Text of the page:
I should add, if you're feeling sick, you should visit the doctor.

  • by Sir_Lewk (967686) <sirlewk@gmai l . com> on Thursday January 14, 2010 @11:28AM (#30764646)

    It is not "that they are censoring", it is "what they are censoring" that gets human rights violations involved.

    If google censored websites about Gitmo for the US government, I would be equally inflamed.

  • by Zarel (900479) on Thursday January 14, 2010 @11:29AM (#30764680)

    The GP accuses you of commiting a fallacy of scale, and I must say I agree.

    Sure you can logically draw comparisons between the DMCA and chinese censorship laws, it's not particularly hard or imaginative. The problem is when you compare the two on equal grounds. One involves gross violations of basic human rights, the other involves less Brittany Spears remixes on youtube.

    I'd argue that freedom of speech counts as a basic human right.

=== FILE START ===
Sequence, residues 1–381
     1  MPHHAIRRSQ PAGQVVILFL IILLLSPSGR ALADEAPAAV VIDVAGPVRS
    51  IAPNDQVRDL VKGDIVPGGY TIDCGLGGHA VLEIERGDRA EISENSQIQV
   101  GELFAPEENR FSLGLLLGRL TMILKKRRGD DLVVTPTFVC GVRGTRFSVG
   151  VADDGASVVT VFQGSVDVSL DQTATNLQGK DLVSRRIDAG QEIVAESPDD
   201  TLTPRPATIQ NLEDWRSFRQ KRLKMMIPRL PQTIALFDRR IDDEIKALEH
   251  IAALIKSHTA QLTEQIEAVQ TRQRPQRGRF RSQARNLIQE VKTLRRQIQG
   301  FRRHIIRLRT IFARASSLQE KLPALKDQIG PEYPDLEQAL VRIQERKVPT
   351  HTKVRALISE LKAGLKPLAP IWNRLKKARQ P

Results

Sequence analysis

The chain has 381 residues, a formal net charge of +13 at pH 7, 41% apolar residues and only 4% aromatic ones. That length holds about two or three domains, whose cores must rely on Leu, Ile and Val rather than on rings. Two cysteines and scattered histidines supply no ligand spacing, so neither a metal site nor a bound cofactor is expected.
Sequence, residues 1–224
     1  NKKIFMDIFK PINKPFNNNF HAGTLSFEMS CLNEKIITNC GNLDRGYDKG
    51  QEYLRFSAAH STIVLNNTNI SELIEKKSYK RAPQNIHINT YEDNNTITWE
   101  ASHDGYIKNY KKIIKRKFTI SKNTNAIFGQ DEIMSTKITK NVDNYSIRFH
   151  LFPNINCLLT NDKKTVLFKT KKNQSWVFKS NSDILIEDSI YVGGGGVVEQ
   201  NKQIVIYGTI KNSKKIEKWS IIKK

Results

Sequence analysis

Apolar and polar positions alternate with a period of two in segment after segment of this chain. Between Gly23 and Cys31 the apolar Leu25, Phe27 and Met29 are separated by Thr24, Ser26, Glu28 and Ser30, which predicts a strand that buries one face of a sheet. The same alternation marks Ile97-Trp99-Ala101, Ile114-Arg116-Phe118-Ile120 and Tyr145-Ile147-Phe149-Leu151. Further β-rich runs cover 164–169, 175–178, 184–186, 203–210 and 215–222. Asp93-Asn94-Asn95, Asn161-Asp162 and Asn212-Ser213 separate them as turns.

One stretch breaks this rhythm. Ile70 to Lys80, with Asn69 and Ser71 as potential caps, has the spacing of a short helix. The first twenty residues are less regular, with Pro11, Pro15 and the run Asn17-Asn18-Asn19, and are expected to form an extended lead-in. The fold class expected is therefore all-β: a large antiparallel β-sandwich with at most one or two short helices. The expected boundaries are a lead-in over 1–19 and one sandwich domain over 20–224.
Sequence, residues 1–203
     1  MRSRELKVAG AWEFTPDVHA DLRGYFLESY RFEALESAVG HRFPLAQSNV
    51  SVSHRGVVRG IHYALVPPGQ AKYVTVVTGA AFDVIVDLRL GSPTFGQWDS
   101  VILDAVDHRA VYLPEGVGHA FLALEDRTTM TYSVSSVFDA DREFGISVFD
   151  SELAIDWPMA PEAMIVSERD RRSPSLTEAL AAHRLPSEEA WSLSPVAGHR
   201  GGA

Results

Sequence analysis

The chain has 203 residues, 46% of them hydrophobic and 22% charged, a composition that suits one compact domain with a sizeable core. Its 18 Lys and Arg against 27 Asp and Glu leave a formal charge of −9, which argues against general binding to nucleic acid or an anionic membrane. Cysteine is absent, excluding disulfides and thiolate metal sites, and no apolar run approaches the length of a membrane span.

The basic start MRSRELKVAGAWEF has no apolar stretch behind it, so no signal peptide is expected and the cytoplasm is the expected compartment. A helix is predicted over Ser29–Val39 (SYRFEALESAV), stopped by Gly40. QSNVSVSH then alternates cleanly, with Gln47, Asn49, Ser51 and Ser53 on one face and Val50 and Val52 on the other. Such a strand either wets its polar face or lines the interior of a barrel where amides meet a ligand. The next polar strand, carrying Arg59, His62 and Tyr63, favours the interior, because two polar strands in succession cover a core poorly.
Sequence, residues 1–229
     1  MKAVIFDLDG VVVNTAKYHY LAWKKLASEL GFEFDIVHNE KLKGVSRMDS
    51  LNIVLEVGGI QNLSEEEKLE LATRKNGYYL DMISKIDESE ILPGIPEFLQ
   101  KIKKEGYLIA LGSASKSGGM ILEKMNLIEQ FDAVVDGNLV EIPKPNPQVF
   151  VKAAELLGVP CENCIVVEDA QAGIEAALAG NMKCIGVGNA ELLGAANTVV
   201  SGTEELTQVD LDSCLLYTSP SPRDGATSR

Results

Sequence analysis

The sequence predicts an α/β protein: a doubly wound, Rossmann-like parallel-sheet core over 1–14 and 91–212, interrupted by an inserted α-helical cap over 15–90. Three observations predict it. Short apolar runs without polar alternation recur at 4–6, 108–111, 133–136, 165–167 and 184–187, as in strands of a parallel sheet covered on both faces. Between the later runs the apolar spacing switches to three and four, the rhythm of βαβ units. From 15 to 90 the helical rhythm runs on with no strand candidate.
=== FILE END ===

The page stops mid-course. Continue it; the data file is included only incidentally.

Regardless, the DMCA has been used to censor material critical of the Church of Scientology from appearing on Google search results. Is that political speech, to you? Google also censors Nazi-related materials in Germany. Is that political speech, to you? Sure, perhaps the US doesn't jail political dissidents quite the same way China does, but what's Guantanamo Bay? Sure, there's a difference in scale, but the difference isn't as great as many people think.

    The original point is that Google is demanding uncensored search results in China, but not in the US or Germany. There's no fallacy of scale here, unless you wish to argue that the US is more deserving of censorship since they commit fewer human rights violations?